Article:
TRO Rule Needs a TKO

December 6, 2001 Published Work
Reprinted with permission of Connecticut Law Tribune, November 19, 2001

It is high time to reconsider the rule that temporary injunctions are not appealable in Connecticut. Consider the following story that a lawyer friend recently shared with me.

A managed care company terminated a physician and promptly sent letters to its members informing them that the company would no longer cover the physician's services. The physician went to court and sought an ex parte temporary restraining order blocking the termination and requiring the company to send a new letter out to all members informing them that the previous letter had been sent by mistake. In other words, the motion sought not only prohibitory injunctive relief, but mandatory relief as well. Even though there was no emergency requiring the motion to be considered on an ex parte basis – remember, the physician had already been terminated and the letters had already gone out – the court granted the motion, issued a show cause order, and set a hearing date for several weeks hence. The judge who granted the motion then left for vacation.

Upon receiving notice of the TRO, the company ran to the court, asked for the hearing date to be expedited, and requested that court stay at least the mandatory relief aspects of the TRO pending the hearing. A new judge, reluctant to question the judge who granted the ex parte motion and then went on vacation, declined both requests. That left the company in the precarious position of risking a contempt citation, or complying with a mandatory TRO that compelled it to engage in speech it believed was incorrect. It chose the latter. For cost reasons, it decided not to appeal and challenge the rule that temporary injunctions are not appealable.

When I heard this story, I cringed. Then I ran to the law books to bone up on the law concerning appeals from temporary injunctions. In particular, I wanted to see whether the general rule precluding appeals from temporary injunctions applied only to prohibitory injunctions, or to mandatory ones also. Somewhat to my surprise, I found that in Stamford v. Kovak, 228 Conn. 95 (1993), the court expressly held that the rule is nearly all encompassing. Said the court, "[w]e are unpersuaded that a temporary mandatory injunction differs in kind from any other temporary injunction. The merits of such an injunction are not appealable unless the mandatory action ordered by the trial court is not subsequently reversible if the trial court is found, upon appeal from the final judgment, to have exceeded its authority."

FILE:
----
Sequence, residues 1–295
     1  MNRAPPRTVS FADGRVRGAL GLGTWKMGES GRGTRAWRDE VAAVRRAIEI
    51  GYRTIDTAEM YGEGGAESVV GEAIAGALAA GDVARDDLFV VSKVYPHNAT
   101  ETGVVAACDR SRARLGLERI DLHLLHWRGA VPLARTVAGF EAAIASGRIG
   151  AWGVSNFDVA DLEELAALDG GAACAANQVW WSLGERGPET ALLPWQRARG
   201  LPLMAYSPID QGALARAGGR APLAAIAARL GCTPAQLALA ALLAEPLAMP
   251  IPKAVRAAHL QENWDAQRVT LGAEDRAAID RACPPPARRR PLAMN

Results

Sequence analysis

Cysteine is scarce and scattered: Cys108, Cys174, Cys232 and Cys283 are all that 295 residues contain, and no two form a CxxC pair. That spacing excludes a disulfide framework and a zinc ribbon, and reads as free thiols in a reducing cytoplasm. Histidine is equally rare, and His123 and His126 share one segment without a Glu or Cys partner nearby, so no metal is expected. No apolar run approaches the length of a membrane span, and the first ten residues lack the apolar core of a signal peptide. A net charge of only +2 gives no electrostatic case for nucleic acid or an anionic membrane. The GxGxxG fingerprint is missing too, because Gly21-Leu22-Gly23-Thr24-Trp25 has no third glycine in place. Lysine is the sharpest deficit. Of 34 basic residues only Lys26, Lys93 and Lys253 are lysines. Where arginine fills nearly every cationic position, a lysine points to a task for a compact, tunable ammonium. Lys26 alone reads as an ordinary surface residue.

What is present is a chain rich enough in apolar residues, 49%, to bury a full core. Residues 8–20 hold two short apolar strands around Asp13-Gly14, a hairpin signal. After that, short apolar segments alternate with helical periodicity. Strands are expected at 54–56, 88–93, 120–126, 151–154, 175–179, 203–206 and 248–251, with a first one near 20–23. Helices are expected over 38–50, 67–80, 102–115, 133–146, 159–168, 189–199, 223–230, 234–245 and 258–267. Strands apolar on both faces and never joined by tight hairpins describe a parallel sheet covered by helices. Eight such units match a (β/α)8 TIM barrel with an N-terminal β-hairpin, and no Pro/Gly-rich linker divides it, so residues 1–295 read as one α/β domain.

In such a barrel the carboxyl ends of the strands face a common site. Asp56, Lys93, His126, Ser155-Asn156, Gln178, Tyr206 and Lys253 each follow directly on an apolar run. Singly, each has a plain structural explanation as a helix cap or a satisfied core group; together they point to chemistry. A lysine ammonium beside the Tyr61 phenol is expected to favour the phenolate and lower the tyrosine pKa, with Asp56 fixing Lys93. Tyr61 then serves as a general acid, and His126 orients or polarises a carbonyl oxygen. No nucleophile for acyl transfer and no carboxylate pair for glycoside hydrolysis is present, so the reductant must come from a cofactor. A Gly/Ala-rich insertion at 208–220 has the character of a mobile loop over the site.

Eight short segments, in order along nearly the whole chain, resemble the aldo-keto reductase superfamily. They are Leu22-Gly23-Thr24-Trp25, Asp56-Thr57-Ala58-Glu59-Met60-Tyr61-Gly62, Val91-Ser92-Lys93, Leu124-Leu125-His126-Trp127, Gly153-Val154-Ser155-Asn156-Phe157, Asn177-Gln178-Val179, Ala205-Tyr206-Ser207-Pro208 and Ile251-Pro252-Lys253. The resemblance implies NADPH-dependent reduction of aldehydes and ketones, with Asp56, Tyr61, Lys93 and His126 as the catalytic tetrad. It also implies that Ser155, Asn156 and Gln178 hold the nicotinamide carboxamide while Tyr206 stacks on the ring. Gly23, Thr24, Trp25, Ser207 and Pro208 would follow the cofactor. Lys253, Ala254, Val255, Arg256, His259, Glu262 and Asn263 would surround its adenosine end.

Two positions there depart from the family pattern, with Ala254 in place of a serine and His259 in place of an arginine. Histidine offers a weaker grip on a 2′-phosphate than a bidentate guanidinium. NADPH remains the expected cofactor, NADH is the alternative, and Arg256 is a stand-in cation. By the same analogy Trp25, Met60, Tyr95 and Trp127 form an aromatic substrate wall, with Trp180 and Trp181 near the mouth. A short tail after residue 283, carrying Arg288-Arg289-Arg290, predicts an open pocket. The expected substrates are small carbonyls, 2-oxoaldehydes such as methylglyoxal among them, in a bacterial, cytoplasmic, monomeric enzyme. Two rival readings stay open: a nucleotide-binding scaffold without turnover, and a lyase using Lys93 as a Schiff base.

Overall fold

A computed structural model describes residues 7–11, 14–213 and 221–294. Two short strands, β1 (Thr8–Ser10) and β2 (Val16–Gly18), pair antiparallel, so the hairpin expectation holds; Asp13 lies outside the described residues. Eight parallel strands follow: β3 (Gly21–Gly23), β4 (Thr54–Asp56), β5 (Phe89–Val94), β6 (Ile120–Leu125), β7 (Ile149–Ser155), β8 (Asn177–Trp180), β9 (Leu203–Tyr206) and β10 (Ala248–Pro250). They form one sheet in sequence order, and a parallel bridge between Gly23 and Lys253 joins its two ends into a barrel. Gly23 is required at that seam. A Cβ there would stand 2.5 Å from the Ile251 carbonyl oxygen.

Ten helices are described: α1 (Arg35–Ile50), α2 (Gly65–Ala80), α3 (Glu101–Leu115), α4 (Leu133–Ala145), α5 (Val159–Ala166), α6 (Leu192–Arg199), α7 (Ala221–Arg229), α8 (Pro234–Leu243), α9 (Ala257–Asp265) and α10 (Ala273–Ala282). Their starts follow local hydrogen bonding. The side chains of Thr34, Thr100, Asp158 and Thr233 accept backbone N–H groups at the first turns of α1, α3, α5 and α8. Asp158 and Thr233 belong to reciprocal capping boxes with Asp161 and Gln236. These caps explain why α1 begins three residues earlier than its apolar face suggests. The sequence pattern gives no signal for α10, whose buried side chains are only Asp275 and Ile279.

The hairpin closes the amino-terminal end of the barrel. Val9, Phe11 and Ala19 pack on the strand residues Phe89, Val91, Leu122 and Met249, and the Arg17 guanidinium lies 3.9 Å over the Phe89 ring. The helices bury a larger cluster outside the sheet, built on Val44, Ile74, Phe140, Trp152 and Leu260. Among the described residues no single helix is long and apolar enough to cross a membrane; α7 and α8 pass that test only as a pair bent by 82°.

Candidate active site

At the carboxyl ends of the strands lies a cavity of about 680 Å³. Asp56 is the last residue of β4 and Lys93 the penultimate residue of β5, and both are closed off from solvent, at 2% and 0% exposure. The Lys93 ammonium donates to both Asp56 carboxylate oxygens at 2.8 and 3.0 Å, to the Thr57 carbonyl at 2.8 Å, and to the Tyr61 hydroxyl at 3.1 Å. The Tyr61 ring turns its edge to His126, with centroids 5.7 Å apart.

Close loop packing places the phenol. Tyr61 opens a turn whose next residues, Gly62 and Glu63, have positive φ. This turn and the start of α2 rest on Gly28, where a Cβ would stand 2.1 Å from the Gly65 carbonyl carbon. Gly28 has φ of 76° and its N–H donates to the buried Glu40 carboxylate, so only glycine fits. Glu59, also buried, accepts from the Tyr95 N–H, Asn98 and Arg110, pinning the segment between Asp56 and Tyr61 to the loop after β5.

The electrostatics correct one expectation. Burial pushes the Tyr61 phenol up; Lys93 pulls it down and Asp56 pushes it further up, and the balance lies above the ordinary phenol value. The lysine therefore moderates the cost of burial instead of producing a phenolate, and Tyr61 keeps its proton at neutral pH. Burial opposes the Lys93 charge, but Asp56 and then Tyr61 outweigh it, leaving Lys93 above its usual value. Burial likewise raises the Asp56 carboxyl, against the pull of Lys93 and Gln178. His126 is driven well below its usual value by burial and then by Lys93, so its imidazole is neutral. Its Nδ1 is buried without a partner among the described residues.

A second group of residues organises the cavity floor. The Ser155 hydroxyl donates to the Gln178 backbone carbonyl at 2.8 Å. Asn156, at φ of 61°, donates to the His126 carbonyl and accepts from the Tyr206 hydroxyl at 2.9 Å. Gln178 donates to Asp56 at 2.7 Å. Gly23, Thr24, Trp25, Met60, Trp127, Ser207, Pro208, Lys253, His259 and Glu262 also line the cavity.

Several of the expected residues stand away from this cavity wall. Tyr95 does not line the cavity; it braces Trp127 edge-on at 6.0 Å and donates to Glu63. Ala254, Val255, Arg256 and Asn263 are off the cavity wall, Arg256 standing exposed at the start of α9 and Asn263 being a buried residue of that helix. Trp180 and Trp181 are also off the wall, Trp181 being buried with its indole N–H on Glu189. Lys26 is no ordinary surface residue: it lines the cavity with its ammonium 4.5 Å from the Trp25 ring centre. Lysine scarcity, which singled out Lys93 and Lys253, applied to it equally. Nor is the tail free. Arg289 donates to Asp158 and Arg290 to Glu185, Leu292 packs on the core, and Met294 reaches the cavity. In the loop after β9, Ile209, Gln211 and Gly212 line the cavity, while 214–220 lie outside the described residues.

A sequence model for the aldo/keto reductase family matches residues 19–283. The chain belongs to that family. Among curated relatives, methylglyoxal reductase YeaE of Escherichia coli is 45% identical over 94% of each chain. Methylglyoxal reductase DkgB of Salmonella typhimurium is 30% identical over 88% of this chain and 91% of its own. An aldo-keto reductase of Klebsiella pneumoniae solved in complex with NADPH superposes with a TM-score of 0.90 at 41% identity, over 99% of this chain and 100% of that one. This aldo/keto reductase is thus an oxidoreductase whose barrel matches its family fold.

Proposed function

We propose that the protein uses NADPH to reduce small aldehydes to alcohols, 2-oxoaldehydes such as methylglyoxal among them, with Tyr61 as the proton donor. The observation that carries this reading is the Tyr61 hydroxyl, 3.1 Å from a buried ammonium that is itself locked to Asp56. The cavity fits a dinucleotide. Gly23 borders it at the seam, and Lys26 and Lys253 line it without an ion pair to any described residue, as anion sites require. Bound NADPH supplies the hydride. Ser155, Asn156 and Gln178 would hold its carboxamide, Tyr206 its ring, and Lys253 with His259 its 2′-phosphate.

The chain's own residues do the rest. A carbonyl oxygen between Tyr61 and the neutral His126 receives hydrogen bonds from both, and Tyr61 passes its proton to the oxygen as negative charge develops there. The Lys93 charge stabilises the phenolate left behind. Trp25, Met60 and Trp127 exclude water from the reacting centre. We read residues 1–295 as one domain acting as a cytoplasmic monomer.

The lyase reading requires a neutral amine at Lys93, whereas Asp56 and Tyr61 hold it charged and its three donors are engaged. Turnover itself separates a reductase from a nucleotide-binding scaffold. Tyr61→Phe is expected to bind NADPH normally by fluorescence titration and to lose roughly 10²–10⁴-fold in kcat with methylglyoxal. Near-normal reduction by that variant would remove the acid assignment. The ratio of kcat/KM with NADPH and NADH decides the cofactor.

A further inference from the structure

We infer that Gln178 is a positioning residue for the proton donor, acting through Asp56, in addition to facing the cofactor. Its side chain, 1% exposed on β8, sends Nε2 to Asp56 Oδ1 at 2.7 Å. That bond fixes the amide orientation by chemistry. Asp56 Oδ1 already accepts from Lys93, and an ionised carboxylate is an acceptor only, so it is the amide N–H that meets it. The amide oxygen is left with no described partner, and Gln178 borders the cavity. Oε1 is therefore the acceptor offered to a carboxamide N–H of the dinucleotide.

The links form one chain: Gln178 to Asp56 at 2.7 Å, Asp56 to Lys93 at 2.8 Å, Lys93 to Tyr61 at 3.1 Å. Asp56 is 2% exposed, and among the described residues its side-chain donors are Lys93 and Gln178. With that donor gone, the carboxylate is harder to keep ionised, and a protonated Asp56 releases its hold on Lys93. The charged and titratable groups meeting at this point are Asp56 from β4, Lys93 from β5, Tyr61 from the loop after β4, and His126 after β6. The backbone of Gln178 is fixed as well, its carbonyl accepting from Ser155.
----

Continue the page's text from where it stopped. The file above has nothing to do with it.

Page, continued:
I wonder whether the court would have treated an appeal from an ex parte temporary mandatory injunction in the same way. It is one thing to deny a party an appeal from a temporary mandatory injunction when the trial court at least granted the party the courtesy of notice and an opportunity to be heard before issuing the injunction. It is another thing altogether to deny an appeal when the court granted the temporary injunction on an ex parte basis, thereby denying the party those most fundamental elements of due process.

The next time a case like the one described above presents itself, I hope that the defendant shows less reluctance than my friend's client to take an appeal. Someone needs to test Stamford v. Kovac. That someone should also keep in mind the case that immediately follows Kovac in volume 228 of Connecticut Reports – Goodson v. State. Invoking the "collateral order doctrine" of State v. Curcio, the court in Goodson permitted an appeal from an order temporarily reinstating a state employee to his job pending the outcome of an arbitration. Perhaps the court has not shut the door entirely on appeals from temporary injunctions. I sure hope not.

This article is republished with permission of